About

A Surfing Alphabet 
by Ollie Lloyd

A Surfing Alphabet took shape from a number of different inspirations and a long obsession with surfing itself. As an art lover from a creative family I had long been looking for surf art that appealed to me and had found it hard to find something I connected with, but that started to change when I discovered the work of the Brazilian graphic artist Tom Veiga. His beautifully clean, stylised images of waves really struck a cord and I immediately ordered a few for the walls of my home. A few years later, after watching one of the Surfer’s Journal Biographies series I noticed an advert for Surf Art, which led me to the work of the great John Seversen, a legend of the sport, magazine creator and icon in the surf world. On doing further research, I noted that he used the linocut medium to produce his own works of art. This got me thinking about linocut, which was a medium I was introduced to as a youngster. So, with images of Veiga’s clean and simple lines and Seversen’s linocut medium for representing surfing, I had a concept – to represent surfing using a simple graphic style through the linocut medium. As a family my parents gave my brothers and I a William Nicholson print from the 1830s. Nicholson was a lithographer, who originally published what must have been one of the first graphic alphabets. I now had a project, to create A Surfing Alphabet using linocut to produce stylised graphic images.  As a surfer and lover of all things historical, I also have a passion for surf history, so it seemed logical to add this element into the mix too, so the subject matter of moments in surfing history and surf trivia was the final part of the project jigsaw. At the time of its creation we had a new-born son, so there was also an element of wanting to create something educational and funky for him too.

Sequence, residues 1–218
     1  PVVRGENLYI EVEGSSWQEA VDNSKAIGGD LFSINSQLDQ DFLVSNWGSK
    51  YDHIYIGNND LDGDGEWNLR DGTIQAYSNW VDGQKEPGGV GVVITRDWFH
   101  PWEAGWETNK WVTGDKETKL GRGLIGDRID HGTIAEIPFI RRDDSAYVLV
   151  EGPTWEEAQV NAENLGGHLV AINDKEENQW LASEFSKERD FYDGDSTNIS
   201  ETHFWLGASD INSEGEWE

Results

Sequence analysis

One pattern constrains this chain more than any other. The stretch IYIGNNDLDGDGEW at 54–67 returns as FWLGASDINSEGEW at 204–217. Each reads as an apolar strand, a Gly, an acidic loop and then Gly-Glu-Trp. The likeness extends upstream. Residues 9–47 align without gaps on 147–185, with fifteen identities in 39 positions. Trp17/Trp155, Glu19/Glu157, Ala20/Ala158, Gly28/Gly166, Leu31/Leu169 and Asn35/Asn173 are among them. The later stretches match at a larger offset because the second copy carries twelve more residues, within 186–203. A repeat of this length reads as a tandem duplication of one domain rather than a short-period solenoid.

The process took about six months to complete with a lot of trial and error and some deliberation about subject matter. It’s so important to come up with something original, but hard to do that in the cases of the prints where you want to reference an iconic moment in surfing. I was very lucky to hear back from Alby Falzon about using his iconic Morning of the Earth image, which can be seen in I is for INDO and U is for Uluwatu. Also, on the Aussie front I was given permission to use Andrew Kidman’s images from the start of his arthouse classic Glass Love. This really inspired me to continue. There are some I cut of Jerry Lopez ( J is for Jerry Lopez) riding Pipeline and Eddie Aikau riding Waimea (E is for Eddie Would Go), but the photographers I contacted never got back to me, so I cannot use them, sadly but quite rightly.

 

On the whole the project has been received with real positivity, which is awesome and I am stoked that so many people are enjoying it.

 

 

Ollie Lloyd